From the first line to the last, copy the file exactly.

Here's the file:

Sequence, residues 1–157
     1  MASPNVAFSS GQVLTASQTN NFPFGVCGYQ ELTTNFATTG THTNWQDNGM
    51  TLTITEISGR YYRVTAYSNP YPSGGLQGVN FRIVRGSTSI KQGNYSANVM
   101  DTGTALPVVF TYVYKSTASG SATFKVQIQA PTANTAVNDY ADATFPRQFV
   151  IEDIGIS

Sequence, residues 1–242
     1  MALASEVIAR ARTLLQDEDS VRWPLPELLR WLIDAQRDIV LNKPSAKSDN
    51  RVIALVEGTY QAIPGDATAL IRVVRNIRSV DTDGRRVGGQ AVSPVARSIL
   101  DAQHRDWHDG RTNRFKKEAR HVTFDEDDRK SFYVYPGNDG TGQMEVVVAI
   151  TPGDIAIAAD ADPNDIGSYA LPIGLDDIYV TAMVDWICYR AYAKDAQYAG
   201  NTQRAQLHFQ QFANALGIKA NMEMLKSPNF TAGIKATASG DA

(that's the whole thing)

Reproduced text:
Sequence, residues 1–157
     1  MASPNVAFSS GQVLTASQTN NFPFGVCGYQ ELTTNFATTG THTNWQDNGM
    51  TLTITEISGR YYRVTAYSNP YPSGGLQGVN FRIVRGSTSI KQGNYSANVM
   101  DTGTALPVVF TYVYKSTASG SATFKVQIQA PTANTAVNDY ADATFPRQFV
   151  IEDIGIS

Sequence, residues 1–242
     1  MALASEVIAR ARTLLQDEDS VRWPLPELLR WLIDAQRDIV LNKPSAKSDN
    51  RVIALVEGTY QAIPGDATAL IRVVRNIRSV DTDGRRVGGQ AVSPVARSIL
   101  DAQHRDWHDG RTNRFKKEAR HVTFDEDDRK SFYVYPGNDG TGQMEVVVAI
   151  TPGDIAIAAD ADPNDIGSYA LPIGLDDIYV TAMVDWICYR AYAKDAQYAG
   201  NTQRAQLHFQ QFANALGIKA NMEMLKSPNF TAGIKATASG DA